What are the best colors to use to avoid "bleed" from other faces?

My current project requires each player to count up the number of faces in each color from three blinks, which form a three blink triangle.

I am finding that white and other colors essentially camouflage the fidelity of the colors of their neighbors.

What colors are best to use, and or is there a solution here with dim ?

I am looking at using 4 - 6 different distinct colors.

Since the Blinks, by design, have a little light leakage from 1 pie slice to the next, this does become a bit of a trial and error exercise and there are a few ways to go about it. The game Puzzle101 or Astro are good references as they both have colors randomly assigned to faces that can be adjacent and affect each other (not to mention that color perception is influenced by the colors next to them).

For prototyping sake, there are some nice color tools here in the forum like this color picker and likely for your own purposes, it would make sense to do a sort of Paintbrush action to test colors.

While you can try colors from existing games, in the 30 published games so far, we’ve pushed for unique color palletes and animations to give the games their own visual identity and personality. I can imagine this solution being partially in the color choice as well as in an animation. i.e. Puzzle101 confirms that two colors match by syncing their brightness, and beginners often need confirmation that there are in fact only 3 colors in that game when the interaction of colors can make it feel like more.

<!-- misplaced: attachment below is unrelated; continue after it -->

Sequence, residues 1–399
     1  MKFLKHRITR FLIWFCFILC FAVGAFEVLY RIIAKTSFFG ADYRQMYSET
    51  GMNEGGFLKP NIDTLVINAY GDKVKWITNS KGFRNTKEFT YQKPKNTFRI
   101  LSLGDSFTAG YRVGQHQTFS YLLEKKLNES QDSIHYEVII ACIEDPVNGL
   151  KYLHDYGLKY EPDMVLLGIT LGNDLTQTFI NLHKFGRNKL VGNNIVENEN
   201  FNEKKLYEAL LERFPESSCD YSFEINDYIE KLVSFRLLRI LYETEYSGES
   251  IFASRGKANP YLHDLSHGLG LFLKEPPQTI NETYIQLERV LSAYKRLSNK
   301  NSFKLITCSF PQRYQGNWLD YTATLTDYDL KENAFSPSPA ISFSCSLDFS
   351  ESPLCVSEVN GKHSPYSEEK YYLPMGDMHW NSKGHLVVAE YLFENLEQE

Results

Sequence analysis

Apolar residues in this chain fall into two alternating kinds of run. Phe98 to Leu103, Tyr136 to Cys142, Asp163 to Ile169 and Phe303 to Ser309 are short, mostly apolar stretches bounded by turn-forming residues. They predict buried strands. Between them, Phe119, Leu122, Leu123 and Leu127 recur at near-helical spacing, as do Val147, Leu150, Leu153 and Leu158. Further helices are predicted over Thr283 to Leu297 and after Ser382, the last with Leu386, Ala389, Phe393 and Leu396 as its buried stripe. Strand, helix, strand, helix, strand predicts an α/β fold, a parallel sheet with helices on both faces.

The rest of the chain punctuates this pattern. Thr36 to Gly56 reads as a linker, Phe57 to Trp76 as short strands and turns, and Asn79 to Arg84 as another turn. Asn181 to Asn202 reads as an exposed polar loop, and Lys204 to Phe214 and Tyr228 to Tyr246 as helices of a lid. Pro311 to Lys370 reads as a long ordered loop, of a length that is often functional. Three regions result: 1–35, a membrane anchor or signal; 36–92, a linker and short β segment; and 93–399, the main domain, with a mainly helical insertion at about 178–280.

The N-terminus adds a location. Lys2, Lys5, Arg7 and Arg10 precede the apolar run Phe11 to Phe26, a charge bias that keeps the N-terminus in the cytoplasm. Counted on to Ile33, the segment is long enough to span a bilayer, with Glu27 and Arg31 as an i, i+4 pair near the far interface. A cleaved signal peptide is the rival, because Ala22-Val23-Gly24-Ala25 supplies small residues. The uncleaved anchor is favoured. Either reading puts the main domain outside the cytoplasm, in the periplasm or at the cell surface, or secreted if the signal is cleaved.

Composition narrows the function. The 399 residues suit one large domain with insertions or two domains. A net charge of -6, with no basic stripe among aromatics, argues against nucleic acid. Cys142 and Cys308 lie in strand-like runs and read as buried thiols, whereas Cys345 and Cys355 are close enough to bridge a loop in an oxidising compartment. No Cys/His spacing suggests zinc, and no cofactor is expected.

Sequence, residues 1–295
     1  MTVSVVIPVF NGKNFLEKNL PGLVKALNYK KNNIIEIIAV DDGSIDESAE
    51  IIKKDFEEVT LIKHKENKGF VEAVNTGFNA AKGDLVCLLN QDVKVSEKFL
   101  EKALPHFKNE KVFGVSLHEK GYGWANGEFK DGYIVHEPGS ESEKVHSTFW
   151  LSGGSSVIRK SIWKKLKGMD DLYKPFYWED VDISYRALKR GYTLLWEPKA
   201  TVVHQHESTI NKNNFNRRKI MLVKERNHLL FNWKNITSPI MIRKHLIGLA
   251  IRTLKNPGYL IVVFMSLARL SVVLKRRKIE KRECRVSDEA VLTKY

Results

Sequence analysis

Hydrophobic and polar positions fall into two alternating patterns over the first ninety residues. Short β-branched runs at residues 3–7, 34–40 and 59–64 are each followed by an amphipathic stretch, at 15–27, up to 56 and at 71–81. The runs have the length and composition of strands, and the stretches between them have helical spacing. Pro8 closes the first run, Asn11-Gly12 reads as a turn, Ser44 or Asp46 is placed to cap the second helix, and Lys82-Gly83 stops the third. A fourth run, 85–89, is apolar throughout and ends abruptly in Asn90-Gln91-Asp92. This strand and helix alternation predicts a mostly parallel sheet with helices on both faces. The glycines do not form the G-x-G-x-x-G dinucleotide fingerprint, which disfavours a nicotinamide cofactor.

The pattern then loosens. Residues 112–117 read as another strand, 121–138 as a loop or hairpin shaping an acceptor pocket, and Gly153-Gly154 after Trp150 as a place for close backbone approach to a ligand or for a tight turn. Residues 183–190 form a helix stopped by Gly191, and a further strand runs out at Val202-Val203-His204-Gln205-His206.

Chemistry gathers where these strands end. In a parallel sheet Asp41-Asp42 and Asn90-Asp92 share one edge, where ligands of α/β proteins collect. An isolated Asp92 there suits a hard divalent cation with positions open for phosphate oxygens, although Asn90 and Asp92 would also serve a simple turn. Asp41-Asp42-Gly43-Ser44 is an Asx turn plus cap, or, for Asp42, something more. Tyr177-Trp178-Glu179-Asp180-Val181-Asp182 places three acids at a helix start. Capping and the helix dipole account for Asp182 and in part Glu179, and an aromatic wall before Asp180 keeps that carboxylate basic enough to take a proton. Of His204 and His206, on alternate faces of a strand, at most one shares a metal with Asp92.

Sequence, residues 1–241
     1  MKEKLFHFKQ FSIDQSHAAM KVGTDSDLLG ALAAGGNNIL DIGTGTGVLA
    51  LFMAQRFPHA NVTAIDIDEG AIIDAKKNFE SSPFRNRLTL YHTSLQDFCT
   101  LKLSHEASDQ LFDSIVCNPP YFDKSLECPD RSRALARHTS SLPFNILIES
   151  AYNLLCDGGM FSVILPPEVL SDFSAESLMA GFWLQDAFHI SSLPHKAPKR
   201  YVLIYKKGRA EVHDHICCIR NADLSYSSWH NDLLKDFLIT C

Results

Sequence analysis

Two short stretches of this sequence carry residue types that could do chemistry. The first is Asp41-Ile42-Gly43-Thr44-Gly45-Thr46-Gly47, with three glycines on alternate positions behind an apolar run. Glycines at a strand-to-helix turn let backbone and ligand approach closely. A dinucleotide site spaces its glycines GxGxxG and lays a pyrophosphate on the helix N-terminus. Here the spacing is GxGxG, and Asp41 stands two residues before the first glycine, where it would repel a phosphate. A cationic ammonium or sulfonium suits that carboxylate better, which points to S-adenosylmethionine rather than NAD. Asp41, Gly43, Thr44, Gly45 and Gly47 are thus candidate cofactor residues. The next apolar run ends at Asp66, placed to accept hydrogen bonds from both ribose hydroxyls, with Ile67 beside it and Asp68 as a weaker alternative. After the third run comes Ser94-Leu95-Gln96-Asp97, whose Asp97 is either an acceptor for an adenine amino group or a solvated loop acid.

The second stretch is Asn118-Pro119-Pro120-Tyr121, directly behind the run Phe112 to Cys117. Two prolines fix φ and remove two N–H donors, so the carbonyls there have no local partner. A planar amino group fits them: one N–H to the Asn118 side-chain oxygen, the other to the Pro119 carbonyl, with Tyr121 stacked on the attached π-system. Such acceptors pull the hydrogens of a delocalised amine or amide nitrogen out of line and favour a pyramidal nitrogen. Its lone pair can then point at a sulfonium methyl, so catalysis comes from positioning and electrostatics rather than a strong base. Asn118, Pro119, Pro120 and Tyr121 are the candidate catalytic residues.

I am sure others would like to weigh in with their own tips, as there is both a science and an art to this :slight_smile:

we talked about this on discord a while back. There’s really no way to stop the “bleed” affect. Sometimes it can be helpful with fluid UI and animations, other times it hurts when you want stark contrast between faces.

If you need more distinction between face colors, I’ve used something as simple as a color wheel in the past for determining which colors to use.

Use this ^^^ If you have a color that’s looking too much like its neighbors, try using colors on the opposite side of the wheel, where possible.

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A valuable resource to be sure.

The good news out of bad news here, is that my current version of the game I needed this for, no longer uses half of the colors it was using, and It freed Red Yellow Green and Blue up to be used in the game proper, rather than in a “Click to select your player color” function.

While I hate to see that go, it solves “bleed” in my immediate game, and also gives me back a button function, that, suffice to say has a much better purpose in its new role.

and keep in mind that different patterns and animations can be used to differentiate between pieces and states when different colors could otherwise bleed together or mistakenly be seen as the same if they’re similar.

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